Mahesh Tirupattur, Executive Vice President of Analog Bits, led the panel “Who Wins in the IP Ecosystem?” during the Semico Impact 2012. Other members of the panel were Suk Lee of TSMC, Jean-Marie Brunet of Mentor Graphics, Tony Stelliga of Intersil, and Dr. Naveed Sherwani of Open-Silicon.
Mr. Tirupattur began the panel by describing today’s industry as a collaborative model, where customers tell the IP companies what they want, and what they can do better. What the industry needs is a dynamic ecosystem that improves efficiency, with no waste or redundancy. It’s not just who wins in the ecosystem, but how do we get paid for the value we bring to the table?
The panel was asked to address whether consolidation in the semiconductor industry is a good thing or does it hinder innovation? Dr. Sherwani asserted that for basic functions, standardization is necessary, but if it reaches the top it kills innovation. For the IP business, standardization of all IP would be bad. He hopes that investment continues to support small IP companies that bring vibrant, customized IP to the marketplace. He worries that if the industry consolidates into a few large companies, the quality of innovation will fall and the value of the corresponding hardware and software will fall.
The panel then discussed what IP blocks are critical to design efforts. Tony Stelliga said that high performance I/O cells with low impedance are critical. There is also a high need for advancements in memory in order to intepret commands on the fly. There could be I/O cache and instruction cache and fast links with frequency planning.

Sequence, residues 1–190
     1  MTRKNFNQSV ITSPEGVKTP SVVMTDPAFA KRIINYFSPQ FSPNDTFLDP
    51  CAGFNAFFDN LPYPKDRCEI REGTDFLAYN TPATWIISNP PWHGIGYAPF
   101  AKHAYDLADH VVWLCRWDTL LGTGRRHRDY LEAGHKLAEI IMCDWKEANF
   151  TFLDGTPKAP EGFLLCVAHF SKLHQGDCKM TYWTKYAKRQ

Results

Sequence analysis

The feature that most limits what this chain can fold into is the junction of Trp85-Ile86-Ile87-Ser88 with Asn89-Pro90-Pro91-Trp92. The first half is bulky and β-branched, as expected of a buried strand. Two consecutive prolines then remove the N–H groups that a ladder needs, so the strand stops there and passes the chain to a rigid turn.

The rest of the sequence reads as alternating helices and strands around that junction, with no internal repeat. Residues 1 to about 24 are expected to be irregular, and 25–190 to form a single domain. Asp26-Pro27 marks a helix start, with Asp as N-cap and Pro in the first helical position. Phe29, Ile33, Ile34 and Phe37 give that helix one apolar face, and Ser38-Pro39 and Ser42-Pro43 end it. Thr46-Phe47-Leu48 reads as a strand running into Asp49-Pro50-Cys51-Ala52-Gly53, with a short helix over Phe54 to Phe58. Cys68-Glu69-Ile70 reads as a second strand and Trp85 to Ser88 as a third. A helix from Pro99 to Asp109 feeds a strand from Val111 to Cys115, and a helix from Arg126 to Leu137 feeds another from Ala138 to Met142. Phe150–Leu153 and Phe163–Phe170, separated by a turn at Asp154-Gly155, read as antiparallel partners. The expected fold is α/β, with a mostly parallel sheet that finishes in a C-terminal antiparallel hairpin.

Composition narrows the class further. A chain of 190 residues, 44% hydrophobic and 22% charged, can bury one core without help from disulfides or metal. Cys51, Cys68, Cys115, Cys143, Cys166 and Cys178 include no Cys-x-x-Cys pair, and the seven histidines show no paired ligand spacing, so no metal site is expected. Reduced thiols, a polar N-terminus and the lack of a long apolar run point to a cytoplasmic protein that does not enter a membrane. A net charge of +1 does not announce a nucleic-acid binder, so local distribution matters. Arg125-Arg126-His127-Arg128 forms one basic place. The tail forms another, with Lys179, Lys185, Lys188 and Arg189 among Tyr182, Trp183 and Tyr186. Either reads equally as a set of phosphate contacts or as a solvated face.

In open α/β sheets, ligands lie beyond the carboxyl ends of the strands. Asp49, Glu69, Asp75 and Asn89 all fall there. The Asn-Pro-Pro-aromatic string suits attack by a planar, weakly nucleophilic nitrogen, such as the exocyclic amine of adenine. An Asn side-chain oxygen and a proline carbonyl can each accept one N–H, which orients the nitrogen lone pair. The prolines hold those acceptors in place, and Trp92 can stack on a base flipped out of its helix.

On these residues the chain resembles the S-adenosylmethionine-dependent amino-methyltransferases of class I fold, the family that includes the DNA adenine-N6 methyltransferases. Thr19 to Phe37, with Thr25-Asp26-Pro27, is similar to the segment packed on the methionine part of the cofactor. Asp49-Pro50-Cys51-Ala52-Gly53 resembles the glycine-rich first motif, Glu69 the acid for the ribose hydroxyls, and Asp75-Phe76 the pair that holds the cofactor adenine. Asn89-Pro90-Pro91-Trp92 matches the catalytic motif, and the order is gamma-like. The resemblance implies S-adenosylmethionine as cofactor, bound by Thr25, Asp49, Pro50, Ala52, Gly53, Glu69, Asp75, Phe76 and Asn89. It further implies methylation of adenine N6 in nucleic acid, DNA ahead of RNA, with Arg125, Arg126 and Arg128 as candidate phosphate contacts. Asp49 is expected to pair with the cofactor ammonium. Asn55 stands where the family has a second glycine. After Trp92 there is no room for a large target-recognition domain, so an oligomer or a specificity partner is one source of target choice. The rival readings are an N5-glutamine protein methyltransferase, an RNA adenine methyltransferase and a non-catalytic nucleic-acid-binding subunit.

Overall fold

The panel and audience members discussed who drives the IP ecosystem. Although fabless companies take the risks, the economic center lies with the system companies.
Another interesting point that was made was that companies in the industry need to do a better job of time-to-market by being ready to go as soon as a consortium casts a standard in stone. The companies that can do this today are the biggest winners. Members of the IP community need to particpate in the standards forums so they can be ready to jump into a market as soon as a standard is ready.
Jean-Marie Brunet said that collaboration needs to occur between the process and the foundry teams. He said that, while there is no lack of innovation, the ecosystem is really important at the advanced nodes, and that IP design cannot occur without collaboration. Suk Lee went on to say that the foundries’ role in the ecosystem is really to help foster a strong and diverse ecosystem. It is very difficult for small IP players to enter the market, even though they are responsible for a lot of the innovation.
An audience member asked if we will see power management embedded in processor cores as opposed to existing only as discrete chips. Mr. Stelliga said that integration of power management is very challenging, so they are still doing discrete chips. There is a move to have very sophisticated BCD processes for power managment, but the chips are so small already, that it doesn’t really make sense to try to inegrate them at this time.
The panel ended with a discussion of 2.5D and 3D technologies. They will be applied in parallel. 3D will become reality in 2 to 3 years. The panel members think that 3D memory has lots of potential for the semiconductor industry.
Director of Manufacturing Research